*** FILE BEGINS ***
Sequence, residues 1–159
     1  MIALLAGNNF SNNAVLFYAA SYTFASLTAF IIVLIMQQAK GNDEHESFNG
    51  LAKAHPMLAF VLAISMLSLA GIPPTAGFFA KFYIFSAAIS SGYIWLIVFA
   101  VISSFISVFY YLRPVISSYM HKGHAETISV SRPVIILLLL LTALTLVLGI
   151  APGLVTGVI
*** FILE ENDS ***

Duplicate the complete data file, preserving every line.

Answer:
Sequence, residues 1–159
     1  MIALLAGNNF SNNAVLFYAA SYTFASLTAF IIVLIMQQAK GNDEHESFNG
    51  LAKAHPMLAF VLAISMLSLA GIPPTAGFFA KFYIFSAAIS SGYIWLIVFA
   101  VISSFISVFY YLRPVISSYM HKGHAETISV SRPVIILLLL LTALTLVLGI
   151  APGLVTGVI